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Metabolic diseases

What is a metabolic disease ?

The liver manufactures enzymes and stores them.

The food that we eat is “broken down” (degraded) by these enzymes into small molecules, which serve as fuel for the body.

A person with a metabolic disease does not produce an enzyme or produces an insufficient amount of an enzyme.

Some “chunks” of nutrients (that were not degraded) then accumulate in the body and poison it.

There are several metabolic diseases and they can affect the metabolism of proteins (tyrosinemia, phenylketonuria, maple syrup disease), sugars (glycogenosis, congenital fructose intolerance, galactosemia) and lipids.

They can also involve processes that take place inside the cell, which is called mitochondrial diseases or lysosomal diseases.

Overall, metabolic diseases occur in 1 newborn out of 800 to 2500 births.

How are they transmitted?

Most are hereditary and are inherited in an autosomal recessive manner. In order for the disease to manifest itself, a child must have inherited two defective (recessive) genes, one from each parent.

If the parents are not sick, they are considered to be “carriers” of this recessive gene.

What are the symptoms?

They appear in various ways, sometimes at birth or after a period ranging from a few months to a few years.

They are manifest in different ways, for example through:

  • Yellowing of the skin (jaundice),
  • Abdominal distension,
  • Liver failure,
  • A delay in weight gain,
  • Vomiting,
  • Diarrhea,
  • Neurological symptoms: difficulties waking up, etc.
  • Kidney function disorders

In infants, the first symptoms appear suddenly and abruptly. These symptoms are often triggered by eating a new food or by stress as with a childhood disease.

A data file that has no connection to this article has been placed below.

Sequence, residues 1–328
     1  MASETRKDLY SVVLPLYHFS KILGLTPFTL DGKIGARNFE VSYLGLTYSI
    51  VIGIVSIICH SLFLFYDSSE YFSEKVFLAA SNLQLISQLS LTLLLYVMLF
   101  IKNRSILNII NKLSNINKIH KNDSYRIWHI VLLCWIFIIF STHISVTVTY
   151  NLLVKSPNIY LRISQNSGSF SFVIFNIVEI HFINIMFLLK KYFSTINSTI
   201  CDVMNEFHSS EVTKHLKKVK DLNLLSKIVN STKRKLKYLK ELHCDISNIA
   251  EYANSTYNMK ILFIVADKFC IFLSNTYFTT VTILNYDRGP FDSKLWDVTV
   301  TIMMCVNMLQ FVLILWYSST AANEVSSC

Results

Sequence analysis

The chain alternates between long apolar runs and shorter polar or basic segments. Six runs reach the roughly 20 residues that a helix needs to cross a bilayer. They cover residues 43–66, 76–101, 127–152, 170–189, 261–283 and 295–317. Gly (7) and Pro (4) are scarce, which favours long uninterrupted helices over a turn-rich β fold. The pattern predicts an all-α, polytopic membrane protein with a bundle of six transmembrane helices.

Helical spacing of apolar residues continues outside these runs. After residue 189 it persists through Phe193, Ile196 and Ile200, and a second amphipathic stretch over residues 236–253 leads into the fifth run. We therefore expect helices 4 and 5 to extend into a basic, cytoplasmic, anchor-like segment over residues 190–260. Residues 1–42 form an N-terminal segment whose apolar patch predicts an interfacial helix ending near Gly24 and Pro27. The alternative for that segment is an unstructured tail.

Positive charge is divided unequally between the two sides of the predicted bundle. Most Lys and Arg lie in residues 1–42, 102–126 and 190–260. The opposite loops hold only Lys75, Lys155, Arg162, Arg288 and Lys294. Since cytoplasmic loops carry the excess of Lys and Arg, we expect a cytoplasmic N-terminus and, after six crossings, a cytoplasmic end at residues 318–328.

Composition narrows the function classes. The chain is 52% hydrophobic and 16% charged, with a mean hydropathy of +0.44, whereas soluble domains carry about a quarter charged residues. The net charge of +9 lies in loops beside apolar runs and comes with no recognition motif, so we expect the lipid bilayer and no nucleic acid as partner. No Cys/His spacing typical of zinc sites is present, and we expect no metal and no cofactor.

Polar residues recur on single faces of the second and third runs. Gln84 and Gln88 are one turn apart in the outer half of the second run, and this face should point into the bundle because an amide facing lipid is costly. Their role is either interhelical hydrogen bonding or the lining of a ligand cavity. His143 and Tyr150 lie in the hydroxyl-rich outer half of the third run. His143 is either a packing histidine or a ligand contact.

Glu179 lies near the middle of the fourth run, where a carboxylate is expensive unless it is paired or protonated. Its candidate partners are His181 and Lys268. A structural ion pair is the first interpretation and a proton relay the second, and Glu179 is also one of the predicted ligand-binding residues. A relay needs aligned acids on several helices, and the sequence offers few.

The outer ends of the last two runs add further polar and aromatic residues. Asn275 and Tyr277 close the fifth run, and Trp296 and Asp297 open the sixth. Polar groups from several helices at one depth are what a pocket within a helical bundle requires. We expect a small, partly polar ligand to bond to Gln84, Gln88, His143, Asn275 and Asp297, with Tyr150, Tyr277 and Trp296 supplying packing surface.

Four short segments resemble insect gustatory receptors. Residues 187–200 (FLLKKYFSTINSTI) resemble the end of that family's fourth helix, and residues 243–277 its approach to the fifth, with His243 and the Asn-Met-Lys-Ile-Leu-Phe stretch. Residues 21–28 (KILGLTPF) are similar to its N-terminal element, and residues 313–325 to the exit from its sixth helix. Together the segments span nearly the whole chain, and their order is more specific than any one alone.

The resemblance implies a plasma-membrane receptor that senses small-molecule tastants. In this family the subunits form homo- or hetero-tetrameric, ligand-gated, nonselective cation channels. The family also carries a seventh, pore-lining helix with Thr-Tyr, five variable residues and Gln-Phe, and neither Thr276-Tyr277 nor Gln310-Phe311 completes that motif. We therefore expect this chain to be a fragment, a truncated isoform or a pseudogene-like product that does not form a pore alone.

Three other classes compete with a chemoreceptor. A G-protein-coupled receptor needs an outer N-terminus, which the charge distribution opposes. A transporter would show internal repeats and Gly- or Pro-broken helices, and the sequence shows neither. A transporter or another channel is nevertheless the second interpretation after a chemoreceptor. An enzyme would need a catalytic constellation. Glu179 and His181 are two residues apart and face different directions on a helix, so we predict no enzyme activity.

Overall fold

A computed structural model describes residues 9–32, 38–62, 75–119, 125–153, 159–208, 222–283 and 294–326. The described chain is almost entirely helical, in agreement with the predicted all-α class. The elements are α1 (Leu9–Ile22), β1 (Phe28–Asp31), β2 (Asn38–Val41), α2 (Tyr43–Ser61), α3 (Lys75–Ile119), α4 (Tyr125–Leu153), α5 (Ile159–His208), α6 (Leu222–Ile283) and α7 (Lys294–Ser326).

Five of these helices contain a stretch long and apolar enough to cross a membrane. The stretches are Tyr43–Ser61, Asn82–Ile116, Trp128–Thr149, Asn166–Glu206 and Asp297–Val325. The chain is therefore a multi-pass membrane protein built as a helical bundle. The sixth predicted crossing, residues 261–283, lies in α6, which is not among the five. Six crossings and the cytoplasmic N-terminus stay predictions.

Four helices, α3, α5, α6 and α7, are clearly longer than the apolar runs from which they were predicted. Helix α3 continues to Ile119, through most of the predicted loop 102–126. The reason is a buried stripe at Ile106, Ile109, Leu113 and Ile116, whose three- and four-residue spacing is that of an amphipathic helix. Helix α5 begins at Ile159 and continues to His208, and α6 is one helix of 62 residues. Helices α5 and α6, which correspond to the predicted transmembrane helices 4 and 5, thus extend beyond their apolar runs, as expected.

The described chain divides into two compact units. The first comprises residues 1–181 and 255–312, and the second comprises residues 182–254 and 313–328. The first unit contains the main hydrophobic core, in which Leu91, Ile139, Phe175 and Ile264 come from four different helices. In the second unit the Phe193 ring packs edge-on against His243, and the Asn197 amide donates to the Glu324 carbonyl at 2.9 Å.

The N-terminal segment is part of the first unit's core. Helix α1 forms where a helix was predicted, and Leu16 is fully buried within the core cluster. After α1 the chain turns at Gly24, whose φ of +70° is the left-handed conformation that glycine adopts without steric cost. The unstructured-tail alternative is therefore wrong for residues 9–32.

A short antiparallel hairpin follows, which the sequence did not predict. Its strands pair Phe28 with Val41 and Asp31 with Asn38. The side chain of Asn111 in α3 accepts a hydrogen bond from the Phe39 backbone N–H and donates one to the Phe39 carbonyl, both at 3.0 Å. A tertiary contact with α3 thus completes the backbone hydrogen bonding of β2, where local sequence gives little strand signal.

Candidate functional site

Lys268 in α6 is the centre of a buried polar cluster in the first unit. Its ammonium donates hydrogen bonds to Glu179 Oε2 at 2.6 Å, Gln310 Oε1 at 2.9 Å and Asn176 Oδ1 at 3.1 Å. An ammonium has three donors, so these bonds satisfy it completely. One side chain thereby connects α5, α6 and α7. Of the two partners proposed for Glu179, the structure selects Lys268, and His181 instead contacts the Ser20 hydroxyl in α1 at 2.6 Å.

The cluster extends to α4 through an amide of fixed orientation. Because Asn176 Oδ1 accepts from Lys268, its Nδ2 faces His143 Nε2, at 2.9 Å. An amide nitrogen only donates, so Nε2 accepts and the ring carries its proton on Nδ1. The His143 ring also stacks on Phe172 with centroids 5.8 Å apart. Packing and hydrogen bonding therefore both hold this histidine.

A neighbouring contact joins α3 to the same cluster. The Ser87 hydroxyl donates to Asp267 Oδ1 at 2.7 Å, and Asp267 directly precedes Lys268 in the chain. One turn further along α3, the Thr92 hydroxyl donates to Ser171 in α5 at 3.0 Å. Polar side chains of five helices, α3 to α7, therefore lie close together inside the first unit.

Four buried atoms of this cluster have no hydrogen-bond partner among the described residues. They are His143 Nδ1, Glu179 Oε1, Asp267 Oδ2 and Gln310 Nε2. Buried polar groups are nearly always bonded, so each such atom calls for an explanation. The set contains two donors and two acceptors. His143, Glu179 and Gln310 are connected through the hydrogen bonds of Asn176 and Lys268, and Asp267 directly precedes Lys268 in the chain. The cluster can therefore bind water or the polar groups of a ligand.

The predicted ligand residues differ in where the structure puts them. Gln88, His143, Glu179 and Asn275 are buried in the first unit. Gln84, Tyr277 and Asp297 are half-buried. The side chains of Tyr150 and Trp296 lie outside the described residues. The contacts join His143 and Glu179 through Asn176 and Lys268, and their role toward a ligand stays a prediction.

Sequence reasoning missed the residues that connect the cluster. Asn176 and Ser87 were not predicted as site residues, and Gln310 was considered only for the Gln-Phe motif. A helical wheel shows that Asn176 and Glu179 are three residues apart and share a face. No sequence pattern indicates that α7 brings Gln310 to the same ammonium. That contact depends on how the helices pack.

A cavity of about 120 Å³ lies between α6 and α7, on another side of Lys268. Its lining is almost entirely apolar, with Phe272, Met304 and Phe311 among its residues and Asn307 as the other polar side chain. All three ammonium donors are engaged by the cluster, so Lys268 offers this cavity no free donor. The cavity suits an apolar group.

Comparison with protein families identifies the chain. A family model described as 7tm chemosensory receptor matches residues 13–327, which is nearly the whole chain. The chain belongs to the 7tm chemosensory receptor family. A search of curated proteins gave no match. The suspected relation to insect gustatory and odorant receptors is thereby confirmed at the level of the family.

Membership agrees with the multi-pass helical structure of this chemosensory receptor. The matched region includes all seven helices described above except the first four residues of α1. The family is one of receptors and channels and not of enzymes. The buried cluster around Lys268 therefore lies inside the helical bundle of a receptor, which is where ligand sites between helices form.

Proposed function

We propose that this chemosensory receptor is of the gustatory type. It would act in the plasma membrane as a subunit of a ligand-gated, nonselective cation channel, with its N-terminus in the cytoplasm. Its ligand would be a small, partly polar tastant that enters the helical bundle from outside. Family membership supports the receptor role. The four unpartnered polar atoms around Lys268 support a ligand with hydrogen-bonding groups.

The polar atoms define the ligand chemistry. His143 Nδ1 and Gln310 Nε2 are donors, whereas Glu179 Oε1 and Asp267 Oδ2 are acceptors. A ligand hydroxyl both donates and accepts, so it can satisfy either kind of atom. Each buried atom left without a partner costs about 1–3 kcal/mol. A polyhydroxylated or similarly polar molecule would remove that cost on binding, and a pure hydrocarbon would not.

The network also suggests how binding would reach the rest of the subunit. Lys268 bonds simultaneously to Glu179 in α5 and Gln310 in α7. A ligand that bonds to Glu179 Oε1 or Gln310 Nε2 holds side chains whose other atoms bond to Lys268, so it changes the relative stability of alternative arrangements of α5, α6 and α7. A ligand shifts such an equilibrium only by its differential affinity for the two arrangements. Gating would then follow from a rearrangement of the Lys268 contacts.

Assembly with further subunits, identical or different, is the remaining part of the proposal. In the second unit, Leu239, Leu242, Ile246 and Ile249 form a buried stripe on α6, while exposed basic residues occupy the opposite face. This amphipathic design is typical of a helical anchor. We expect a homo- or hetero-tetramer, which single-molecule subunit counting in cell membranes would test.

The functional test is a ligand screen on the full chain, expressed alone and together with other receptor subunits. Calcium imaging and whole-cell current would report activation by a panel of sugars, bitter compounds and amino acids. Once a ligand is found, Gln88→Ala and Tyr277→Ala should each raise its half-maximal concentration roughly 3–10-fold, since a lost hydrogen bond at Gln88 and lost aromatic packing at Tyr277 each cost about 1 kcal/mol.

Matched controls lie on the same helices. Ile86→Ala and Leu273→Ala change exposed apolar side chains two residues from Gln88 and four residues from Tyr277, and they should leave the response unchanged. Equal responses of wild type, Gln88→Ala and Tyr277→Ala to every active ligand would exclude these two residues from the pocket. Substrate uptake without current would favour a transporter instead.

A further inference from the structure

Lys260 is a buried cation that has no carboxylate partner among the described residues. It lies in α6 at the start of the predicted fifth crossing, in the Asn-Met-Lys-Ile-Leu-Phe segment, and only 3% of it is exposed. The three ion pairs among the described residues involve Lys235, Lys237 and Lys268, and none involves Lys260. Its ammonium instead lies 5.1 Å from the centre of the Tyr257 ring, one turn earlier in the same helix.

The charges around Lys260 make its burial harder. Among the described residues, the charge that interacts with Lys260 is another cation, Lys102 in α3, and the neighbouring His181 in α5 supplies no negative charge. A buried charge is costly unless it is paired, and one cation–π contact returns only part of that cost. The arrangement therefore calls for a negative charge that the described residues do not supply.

What are the treatments?

Early diagnosis is essential and often determines the disease's progress. For some metabolic disorders, a very strict diet should be followed.
In this way, the disease symptoms can be lowered. This diet consists of eliminating molecules in the child's food that are not broken down.

For example, with tyrosinemia, tyrosine is not allowed. For other metabolic diseases, there are medicinal treatments.

But often, since only gene therapy would be effective, the treatments offered are limited to controlling complications. While waiting for gene therapy, liver transplantation is often the treatment of choice for metabolic diseases.

Transplantation is focused on giving the child the missing enzyme to ensure a future that is as normal as possible, on the one hand, and to spare them the dietary constraints on the other hand.

What is the prognosis?

The prognosis for a metabolic disease varies based on the individual and the type of enzyme deficiency.

However, there are two general principles can be retained:

  • the more the attacks occur in young people, the more severe they are
  • the prognosis with or without a liver transplant depends on the number of organs affected by the deficit.